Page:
Friends, the saying goes that rivalries are born in the playoffs. But in terms of formative regular season clashes, there are two teams that immediately come to mind for the Calgary Flames over the past couple of decades. One’s quite obvious: the Edmonton Oilers, the Flames’ counterpart in the Battle of Alberta.
But the other is probably the Los Angeles Kings, a team whose construction, culture and playoff success are arguably what the Flames are currently being modelled towards.
While a lot of the animosity between the Flames and Kings does date back to the on-ice antics of Matthew Tkachuk during his rookie season of 2016-17, the importance of their regular season rivalry dates back to the 2014-15 season.
With the Flames riding into Staples Center nursing a lengthy eight-game losing streak for their final game before Christmas, the Kings spotted themselves a 3-0 lead off of two power play goals and generally out-played the Flames for the first 40 minutes. But Johnny Gaudreau – who to that point had merely been a really solid offensive contributor – took over the game, scoring his first career NHL hat trick with a late goal in the second period and two late goals in the third period to force overtime. Mark Giordano scored to win the game, end the streak, and showcase the kind of grit that the Flames became known for.
That April, the Flames faced the Kings in a “win and you’re in” Game 81 showdown at the Saddledome. You could be forgiven if you had favoured the Kings in that game, given their veteran lineup and record of success in such situations. However, the Flames gutted out another gritty performance to win 3-1 and cement their first playoff berth since 2009.
Since that season, the Kings’ season series has become a sort of bellwether for the Flames’ hopes as a whole. If the Flames play the Kings well and gain a bunch of points, it’s sort of a microcosm of how they’re playing against the entire Pacific Division. If they struggle against them, they tend not to do well overall.
  • In 2015-16, the Flames went 0-3-1 against the Kings and missed the playoffs.
  • In 2016-17, they went 3-2-0 and returned to the playoffs – the Game 81 match came after the Flames had clinched a playoff spot and instead served as Jon Gillies’ NHL debut.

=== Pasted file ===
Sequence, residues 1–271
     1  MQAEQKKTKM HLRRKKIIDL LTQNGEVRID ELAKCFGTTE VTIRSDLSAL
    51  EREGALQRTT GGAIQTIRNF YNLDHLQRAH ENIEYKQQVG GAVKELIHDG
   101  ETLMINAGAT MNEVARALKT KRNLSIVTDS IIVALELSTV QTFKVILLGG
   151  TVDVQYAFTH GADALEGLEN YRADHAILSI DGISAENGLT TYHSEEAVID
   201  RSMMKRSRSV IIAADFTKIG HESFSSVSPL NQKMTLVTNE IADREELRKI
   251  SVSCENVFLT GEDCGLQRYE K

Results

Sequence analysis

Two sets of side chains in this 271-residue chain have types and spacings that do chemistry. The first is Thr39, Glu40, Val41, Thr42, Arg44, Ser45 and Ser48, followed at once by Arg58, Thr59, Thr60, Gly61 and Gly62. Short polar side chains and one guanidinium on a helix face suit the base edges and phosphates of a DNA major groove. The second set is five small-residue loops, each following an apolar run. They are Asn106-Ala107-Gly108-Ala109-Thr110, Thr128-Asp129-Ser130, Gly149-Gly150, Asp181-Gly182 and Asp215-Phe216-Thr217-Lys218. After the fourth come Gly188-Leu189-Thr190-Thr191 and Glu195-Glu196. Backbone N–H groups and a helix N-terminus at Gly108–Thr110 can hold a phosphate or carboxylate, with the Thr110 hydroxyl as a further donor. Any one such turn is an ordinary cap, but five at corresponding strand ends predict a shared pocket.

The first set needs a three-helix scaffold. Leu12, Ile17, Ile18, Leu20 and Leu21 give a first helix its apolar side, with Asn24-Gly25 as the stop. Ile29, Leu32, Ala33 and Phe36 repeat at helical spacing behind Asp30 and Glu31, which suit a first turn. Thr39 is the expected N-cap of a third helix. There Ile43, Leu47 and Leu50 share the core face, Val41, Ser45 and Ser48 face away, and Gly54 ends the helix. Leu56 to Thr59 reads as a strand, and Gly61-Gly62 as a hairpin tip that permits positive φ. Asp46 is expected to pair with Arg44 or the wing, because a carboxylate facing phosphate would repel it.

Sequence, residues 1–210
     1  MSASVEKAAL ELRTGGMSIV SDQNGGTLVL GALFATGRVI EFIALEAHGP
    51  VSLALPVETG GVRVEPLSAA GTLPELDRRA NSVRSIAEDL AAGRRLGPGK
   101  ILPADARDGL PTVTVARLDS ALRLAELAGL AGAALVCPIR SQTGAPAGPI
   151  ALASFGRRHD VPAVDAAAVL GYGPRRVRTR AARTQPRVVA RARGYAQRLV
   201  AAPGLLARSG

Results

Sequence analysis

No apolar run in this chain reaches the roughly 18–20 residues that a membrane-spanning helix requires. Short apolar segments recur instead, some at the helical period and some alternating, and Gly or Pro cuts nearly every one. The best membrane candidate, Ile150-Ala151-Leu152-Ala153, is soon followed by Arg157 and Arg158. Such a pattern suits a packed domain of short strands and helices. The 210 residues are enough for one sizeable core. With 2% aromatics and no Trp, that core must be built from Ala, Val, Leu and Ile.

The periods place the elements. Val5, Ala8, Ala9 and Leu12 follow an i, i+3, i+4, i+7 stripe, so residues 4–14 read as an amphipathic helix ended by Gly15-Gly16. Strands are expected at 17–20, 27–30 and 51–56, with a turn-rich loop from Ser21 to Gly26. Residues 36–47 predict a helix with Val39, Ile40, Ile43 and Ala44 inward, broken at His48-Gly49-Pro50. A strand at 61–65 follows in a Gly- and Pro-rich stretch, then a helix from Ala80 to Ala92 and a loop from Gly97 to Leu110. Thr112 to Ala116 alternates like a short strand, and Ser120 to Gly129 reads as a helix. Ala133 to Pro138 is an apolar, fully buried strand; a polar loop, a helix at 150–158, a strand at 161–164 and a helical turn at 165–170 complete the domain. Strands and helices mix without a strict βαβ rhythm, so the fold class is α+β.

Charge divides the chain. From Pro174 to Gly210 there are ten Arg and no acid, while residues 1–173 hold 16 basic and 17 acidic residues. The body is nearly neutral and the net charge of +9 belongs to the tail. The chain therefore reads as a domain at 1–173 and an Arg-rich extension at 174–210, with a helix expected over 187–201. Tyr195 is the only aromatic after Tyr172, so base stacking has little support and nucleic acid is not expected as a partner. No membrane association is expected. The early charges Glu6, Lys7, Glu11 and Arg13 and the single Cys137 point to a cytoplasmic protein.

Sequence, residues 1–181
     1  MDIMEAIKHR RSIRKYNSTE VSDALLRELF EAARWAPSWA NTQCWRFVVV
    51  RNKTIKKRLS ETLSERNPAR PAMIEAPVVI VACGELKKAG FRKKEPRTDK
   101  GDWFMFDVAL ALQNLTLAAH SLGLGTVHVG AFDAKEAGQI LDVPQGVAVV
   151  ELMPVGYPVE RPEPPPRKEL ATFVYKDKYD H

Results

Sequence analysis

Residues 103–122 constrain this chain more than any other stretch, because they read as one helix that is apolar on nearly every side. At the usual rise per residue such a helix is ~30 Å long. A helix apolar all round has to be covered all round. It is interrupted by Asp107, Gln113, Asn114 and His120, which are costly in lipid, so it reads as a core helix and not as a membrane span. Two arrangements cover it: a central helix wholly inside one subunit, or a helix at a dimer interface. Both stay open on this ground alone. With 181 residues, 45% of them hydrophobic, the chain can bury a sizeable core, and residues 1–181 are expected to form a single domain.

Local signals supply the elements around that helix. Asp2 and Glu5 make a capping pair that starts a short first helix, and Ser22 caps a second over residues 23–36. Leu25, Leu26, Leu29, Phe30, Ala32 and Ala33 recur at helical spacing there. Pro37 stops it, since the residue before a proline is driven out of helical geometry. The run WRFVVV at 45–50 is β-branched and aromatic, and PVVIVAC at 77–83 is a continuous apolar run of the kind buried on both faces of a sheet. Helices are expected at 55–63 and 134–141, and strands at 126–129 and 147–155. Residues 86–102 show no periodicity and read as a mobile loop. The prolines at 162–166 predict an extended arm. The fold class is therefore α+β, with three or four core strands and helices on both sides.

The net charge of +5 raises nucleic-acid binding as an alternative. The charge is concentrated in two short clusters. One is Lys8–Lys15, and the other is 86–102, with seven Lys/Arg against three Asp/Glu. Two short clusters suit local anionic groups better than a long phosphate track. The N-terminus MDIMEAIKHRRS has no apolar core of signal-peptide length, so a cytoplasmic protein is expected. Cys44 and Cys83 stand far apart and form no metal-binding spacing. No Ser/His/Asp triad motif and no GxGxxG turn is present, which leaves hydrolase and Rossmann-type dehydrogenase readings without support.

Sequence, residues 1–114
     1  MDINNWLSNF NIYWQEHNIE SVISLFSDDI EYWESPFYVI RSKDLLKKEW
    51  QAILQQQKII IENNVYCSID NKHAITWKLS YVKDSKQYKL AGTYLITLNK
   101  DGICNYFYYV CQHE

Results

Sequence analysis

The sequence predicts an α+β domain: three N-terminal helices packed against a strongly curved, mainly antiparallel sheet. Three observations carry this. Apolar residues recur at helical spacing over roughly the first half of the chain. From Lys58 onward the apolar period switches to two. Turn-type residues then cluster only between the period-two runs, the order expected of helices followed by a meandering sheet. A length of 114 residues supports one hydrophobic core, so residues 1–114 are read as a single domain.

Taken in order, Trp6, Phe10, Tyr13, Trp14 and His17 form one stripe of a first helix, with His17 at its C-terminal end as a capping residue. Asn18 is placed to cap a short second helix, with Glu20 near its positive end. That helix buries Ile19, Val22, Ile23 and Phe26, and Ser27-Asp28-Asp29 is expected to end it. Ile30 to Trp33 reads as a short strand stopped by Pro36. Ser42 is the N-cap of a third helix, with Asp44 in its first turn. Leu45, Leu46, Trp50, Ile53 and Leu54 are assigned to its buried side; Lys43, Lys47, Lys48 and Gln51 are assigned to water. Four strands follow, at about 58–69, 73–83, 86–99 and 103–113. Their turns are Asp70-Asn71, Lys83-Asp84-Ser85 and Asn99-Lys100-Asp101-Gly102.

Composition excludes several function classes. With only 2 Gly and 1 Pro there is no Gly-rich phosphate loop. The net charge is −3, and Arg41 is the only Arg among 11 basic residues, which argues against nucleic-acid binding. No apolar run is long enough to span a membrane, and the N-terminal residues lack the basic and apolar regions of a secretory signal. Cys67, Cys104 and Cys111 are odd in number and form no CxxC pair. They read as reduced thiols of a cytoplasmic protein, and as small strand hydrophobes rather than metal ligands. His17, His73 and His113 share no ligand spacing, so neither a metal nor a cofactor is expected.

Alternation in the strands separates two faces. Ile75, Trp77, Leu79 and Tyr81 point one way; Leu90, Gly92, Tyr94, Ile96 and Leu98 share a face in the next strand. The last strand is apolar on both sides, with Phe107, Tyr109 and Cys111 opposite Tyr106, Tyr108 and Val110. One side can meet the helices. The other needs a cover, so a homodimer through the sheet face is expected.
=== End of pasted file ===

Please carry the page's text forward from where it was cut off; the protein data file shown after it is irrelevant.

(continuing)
• In 2017-18, the Flames went 2-1-1 but narrowly missed the playoffs.
  • In 2018-19, the Flames went 3-1-0 against the Kings, punctuating their season series win with a 7-2 thrashing of the Kings at the Staples Center.
  • In 2019-20, the Flames went 1-2-1 and had to rely on the pandemic play-in round to qualify for the playoffs.
  • In 2021-22, the Flames went 2-0-1 against the Kings and won the division.
Rivalries are built in the playoffs. While the Flames haven’t seen the Kings in the post-season since being bounced by them in 1993, they’ve built a lot of memorable moments into their regular season meetings. Not just Gaudreau highlights or Tkachuk/Doughty hijinks, but several tight-checking, hard-hitting games featuring some really memorable exchanges from several players on both sides.
Needless to say, games between the Flames and Kings have tended to mean something more in the grand scheme of the season. Add in Darryl Sutter’s connection with that club through his two Stanley Cup victories – and current Flames like Milan Lucic, Tyler Toffoli and Trevor Lewis having spent time in Los Angeles – that only serves to amp up the importance of the season series.
The Oilers are the Flames’ top rivalry. That’s undisputed, and cemented by some really contentious regular season and playoff meetings. But based on recent history, the silver medal for animosity has to go to the Kings. For a Flames team looking for traction early in the season, and after a lot of roster changeover, a battle with such a bitter rival might be just what the doctor ordered.